Part two of “Everything Is Bonzer!” brings us up to speed on Tahani and Jason. Tahani at first abandoned celebrity culture to pursue a life of asceticism, until getting lured back to the dark side by the Vice-like “Squalor News” (and their docuseries Society Is Effed), which led to her best-selling book Get Out of the Spotlight, with blurbs from Malcolm Gladwell and Cormac McCarthy (the latter of whom just writes, “Ditto”).
Jason, meanwhile, is inspired by his near-death experience to gather the members of Dance Dance Resolution at the Carmen Electra Auditorium in Jacksonville’s Smith & Wesson Performing Arts Center & ATV Repair Shop, to prepare a competitive dance routine based on that time he almost suffocated inside a bank safe.
Part two reveals both the advantages and disadvantages of The Good Place’s compressed storytelling. Tahani’s story line has some funny moments, mostly related to her name-dropping. (For example, she gives all her possessions to “Good Will,” which is her name for Prince William.) But for the most part, it’s exactly the right length.
But I could’ve watched a full episode’s worth of Jason Mendoza absurdity. He was once interviewed on the news for finding a foot on the beach! He once did a wheelie on a dirt bike through an entire Waffle House! He demands that his ridiculously oversize crew “eat, breathe, and vape dance!” His dancers insist that if anyone leaves their ranks, “We can legally rob their houses!” I wouldn’t want The Good Place to be all Jason, all the time, but the show’s writers obviously have a lot of fun ripping on the Jacksonville lifestyle.
In between all the backtracking, these episodes move into some new directions — and not just toward bringing everyone together again. When Eleanor starts hanging out with Chidi, she can tell right away that he has a crush on Simone, and she starts conspiring with the prof to get Chidi to make a move. (“I was practicing virtue ethics while helping the two of you bone down!”)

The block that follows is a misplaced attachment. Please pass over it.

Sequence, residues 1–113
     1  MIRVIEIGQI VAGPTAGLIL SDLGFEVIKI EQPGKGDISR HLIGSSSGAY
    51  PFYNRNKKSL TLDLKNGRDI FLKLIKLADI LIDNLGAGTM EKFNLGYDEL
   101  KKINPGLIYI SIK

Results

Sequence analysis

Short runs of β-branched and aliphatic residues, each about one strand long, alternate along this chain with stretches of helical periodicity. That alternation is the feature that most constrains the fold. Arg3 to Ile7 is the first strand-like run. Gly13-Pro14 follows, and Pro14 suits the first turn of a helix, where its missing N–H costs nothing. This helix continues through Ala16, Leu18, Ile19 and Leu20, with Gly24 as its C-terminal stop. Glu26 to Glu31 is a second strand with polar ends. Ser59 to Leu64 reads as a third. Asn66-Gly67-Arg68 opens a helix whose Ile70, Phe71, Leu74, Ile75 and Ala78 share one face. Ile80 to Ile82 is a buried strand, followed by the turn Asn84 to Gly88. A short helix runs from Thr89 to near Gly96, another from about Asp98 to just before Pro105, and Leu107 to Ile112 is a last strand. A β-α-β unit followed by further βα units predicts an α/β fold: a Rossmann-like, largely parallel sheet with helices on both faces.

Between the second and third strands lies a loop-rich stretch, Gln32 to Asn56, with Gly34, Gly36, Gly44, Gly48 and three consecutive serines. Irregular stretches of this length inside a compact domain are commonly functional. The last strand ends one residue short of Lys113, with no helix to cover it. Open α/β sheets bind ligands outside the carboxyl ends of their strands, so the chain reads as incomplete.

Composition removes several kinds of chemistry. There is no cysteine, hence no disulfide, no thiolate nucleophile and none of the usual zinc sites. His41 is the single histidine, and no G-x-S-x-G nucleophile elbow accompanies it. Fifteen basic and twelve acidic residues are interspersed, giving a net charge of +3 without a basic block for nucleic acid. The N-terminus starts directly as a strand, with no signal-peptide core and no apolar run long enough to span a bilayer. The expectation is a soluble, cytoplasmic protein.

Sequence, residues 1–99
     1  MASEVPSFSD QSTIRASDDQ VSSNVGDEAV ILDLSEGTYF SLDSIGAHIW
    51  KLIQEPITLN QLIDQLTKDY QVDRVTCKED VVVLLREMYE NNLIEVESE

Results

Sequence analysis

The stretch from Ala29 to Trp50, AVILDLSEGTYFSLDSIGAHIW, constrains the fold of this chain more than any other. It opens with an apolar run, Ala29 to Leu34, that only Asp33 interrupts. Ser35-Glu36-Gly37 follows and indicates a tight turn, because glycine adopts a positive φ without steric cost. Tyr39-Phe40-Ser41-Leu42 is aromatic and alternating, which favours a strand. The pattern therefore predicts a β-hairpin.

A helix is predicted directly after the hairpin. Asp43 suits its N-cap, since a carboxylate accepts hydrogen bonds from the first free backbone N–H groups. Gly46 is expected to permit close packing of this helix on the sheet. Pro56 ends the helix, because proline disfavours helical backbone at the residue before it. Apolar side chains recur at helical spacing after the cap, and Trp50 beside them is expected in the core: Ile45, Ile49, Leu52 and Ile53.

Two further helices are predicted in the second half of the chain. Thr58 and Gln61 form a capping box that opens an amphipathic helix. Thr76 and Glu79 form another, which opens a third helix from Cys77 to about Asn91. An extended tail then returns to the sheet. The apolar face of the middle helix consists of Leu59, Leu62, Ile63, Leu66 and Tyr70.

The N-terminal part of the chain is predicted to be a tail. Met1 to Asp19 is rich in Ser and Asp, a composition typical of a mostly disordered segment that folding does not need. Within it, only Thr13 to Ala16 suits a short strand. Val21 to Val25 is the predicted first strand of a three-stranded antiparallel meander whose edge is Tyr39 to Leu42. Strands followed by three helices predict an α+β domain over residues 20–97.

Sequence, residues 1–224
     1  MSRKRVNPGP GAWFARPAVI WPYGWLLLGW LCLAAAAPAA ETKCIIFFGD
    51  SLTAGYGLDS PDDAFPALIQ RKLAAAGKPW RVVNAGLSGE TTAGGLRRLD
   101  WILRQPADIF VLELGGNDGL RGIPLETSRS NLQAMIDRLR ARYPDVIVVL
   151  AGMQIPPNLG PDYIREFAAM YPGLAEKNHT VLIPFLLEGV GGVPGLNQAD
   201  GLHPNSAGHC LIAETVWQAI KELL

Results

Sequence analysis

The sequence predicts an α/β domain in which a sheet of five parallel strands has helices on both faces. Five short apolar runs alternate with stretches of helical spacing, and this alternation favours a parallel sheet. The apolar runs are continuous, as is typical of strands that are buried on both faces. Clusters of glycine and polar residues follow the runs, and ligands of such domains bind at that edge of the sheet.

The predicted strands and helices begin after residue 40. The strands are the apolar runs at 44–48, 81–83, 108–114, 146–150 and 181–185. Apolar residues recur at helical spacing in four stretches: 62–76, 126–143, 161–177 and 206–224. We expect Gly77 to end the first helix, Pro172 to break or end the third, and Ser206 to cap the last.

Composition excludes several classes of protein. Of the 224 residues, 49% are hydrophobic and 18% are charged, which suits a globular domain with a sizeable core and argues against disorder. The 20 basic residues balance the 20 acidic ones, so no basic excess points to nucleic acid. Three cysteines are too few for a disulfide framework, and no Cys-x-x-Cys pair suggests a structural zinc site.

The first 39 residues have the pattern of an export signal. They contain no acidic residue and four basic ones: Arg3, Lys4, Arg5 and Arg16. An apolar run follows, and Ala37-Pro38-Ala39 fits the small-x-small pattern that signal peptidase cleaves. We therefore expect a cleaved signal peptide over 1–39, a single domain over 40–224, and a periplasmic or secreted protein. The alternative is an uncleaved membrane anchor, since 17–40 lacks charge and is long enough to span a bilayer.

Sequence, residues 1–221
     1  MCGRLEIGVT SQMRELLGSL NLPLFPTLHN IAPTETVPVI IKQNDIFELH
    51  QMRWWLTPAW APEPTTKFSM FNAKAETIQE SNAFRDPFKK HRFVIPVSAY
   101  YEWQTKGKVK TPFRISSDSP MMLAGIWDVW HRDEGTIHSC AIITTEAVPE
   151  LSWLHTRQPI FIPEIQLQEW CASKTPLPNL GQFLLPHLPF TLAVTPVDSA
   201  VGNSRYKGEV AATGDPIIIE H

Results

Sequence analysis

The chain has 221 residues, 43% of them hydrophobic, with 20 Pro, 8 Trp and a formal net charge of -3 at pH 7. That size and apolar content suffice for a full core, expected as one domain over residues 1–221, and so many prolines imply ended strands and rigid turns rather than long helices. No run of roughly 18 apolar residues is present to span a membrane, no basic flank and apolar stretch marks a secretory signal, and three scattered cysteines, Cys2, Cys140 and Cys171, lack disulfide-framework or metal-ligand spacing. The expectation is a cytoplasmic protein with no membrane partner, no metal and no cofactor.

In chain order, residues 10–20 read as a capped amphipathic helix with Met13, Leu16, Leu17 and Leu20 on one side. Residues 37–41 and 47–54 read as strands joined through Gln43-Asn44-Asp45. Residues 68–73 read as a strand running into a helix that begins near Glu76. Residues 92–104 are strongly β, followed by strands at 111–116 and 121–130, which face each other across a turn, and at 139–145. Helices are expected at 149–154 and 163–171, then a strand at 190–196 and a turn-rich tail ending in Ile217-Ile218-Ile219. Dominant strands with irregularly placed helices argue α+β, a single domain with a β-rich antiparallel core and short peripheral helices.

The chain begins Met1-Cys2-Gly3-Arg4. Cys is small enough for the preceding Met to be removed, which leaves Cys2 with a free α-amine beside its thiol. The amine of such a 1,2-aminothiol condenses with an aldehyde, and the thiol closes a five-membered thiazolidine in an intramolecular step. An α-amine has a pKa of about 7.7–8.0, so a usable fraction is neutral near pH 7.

None of this is according to Michael’s plan. He thinks Chidi and Eleanor need to be romantic partners for the ol’ “being a good person” magic to happen. But Janet can see how good Chidi and Simone are together, and what a positive force Eleanor is when she’s trying to help them.
The problem is that Simone’s not the only new addition to the group. At the end of the premiere’s second part, just when Simone and Chidi are about to start their scientific study of Eleanor, Tahani, and Jason’s brains, someone else joins the party: Trevor, from the Bad Place, presumably sent by Shawn to be a disruption.
So there you go: Trevor’s the Kryptonite in this Superman story. And not the green kind, but the red — the radioactive rock who’s about to make everything go absolutely bonkers.
• New year, new premise, new name for the notes section of these Good Place reviews. I’ll keep this one for as long as our gang’s in Australia … and in homage to the name of Chidi’s favorite muffin stand, “We Crumb From a Land Down Under.”
• One major bummer with “Everything Is Bonzer!” is the relative lack of Janet, who’s stuck back at the office while Michael’s on Earth. But she does get a few memorable lines like, “How’s Jason, is he still cute?” and (referring to Mark Harmon), “He’s very sexy in Stealing Home, according to the private thoughts of more than 7 million Caucasian women.” Her best line? Saying of Chidi and Simone’s potential children that, “One of them is hot enough to be on The Bachelor, and smart enough not to go The Bachelor.”
• On some genre shows, the main character’s the least interesting. (See: Walking Dead, The.) Not so The Good Place, which has one of the best supporting casts on TV, but also has a legit MVP in the lead. I hadn’t realized how much I’d missed Kristen Bell as Eleanor, until I heard her describe herself as “a trashbag” and a “hot rando” from Arizona (where “the biggest exports are racist sheriffs and HPV”), who got 12 out of 12 on a quiz about all the slang words the Kardashians invented … but only because, “I did cheat.” From thinking Aristotle is pronounced like “chipotle” to encouraging her friends to have sexy daydreams — “Do you not do that? You can do it for free!” — there’s no one quite like Eleanor Shellstrop.